Cover Photo with image of a girl using a refreshable Braille display at a computer.

A Case for Usability and UX Testing

4 Mar 2022

“Nothing About Us, Without Us”

If your website hasn’t been tested by real assistive technology users, how do you know it’s truly barrier-free for people with disabilities? You really can’t.

That’s why it’s important to include people with disabilities in your web design and accessibility remediation process. Usability/UX testing is your opportunity to have real users test your website, and provide feedback about their experience and any issues they ran into when trying to navigate your site.

Why are Usability and UX testing critical for accessible web design?

When it comes to accessibility, listen to people with disabilities. Don’t just take a developer’s word for it.

Usability and UX testing are particularly important when designing accessible websites because people with disabilities have unique user experiences.

Automated scans and manual audits simply can’t replace input from people with disabilities–the true shareholders of your accessibility project. Usability/UX testing, done by real assistive technology users, is, key to ensuring that everyone has a barrier-free experience on your website.

After completing a manual audit and making any necessary remediations, you may be tempted to call it good… but wait! Don’t skip over UX testing.

Are you sure it can be used with iOS Voiceover? What does a user journey look like for someone navigating by keyboard control? Will moving elements be too distracting for people with cognitive disabilities?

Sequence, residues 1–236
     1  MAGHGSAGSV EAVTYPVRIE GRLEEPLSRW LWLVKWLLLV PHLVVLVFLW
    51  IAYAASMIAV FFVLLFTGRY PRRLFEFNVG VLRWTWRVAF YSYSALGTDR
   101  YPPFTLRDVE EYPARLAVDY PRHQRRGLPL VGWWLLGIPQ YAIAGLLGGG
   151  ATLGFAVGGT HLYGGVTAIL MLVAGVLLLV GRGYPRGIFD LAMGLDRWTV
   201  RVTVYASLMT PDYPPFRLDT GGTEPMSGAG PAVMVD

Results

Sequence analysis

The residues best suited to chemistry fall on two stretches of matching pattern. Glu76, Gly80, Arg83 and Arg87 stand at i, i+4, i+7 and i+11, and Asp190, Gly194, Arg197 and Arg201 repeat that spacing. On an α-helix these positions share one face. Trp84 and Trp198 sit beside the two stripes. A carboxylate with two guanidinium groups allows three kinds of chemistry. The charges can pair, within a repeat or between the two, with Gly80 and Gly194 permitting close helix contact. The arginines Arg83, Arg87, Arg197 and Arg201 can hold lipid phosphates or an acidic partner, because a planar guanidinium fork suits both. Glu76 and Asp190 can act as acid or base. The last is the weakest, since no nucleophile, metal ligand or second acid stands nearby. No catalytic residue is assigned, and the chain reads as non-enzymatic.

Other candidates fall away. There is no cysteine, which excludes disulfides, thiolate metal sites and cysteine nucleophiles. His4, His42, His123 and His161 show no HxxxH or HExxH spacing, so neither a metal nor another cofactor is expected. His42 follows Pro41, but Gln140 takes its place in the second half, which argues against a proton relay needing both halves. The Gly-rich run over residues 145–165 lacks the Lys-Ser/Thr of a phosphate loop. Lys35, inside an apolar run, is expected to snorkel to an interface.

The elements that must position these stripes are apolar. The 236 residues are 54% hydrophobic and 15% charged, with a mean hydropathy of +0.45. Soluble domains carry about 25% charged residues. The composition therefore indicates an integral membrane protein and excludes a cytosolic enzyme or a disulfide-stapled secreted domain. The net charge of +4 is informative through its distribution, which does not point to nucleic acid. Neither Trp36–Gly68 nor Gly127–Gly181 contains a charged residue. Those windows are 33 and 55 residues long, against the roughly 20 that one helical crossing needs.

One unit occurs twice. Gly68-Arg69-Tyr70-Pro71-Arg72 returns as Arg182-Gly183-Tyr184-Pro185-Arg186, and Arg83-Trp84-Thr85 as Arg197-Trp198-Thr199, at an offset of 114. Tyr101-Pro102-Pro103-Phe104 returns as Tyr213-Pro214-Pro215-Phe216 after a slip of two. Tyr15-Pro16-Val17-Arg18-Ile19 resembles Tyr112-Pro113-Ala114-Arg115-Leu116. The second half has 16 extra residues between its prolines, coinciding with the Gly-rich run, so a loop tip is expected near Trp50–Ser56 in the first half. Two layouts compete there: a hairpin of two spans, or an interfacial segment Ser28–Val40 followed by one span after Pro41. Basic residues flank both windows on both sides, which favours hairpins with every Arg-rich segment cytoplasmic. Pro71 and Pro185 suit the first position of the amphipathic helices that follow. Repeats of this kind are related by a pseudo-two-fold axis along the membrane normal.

These are some of the questions that can get answered during Usability and UX testing.

Assistive Technology

Voiceover/screen readers, keyboard controls, and speech-to-text software are examples of assistive technology–aka technology used by disabled people to help them complete tasks. Blind and visually impaired people often use software like Voiceover or JAWS to read out the contents of their screen. While someone with limited mobility may instead rely on keyboard controls, sip-and-puff devices, and speech-to-text software to use their computer.

Your website needs to be usable with the full range of assistive technologies to be considered truly accessible… and you may be surprised how many different types of assistive technology are in use.

Common types of assistive technology include:
  • Screen readers
  • Screen magnification software
  • Speech input or speech-to-text devices
  • Head-pointers or motion/eye-tracking
  • Refreshable Braille displays
  • Sip and puff
  • Keyboard Control
  • Single switch entry devices
  • Alternative input devices

Hiring real users of these assistive technologies is simply the best way to ensure your website is truly accessible. Additionally, there are numerous business benefits to conducting this type of usability/UX testing.

Benefits of Usability and UX Testing:

  • Identify accessibility issues that might have been missed by automated scanners and during manual auditing.
  • Uncover other barriers and areas of confusion to improve overall user experience and ease of use.
  • Gain a deeper understanding of how people with disabilities might use your site/product.
  • Increase traffic to your site while maximizing ROI by including users throughout the process.

Usability and UX Testing with Accessible Web

Accessible web is committed to building accessible websites that people with disabilities actually want to use. Usability/UX testing is an invaluable part of our approach to web accessibility. For you, it is your opportunity to include disabled people in your web accessibility process.

Typically, UX testing is done during the accessibility certification phase of our audit and certification process. We also offer Usability and UX testing as a stand-alone service!


Web Accessibility Usability & UX Testing – Test with Real Assistive Tech Users. (2021, October 19). Retrieved January 3, 2022, from Accessible Web website.

Overlay Fact Sheet. (2020). Retrieved January 3, 2022, from website.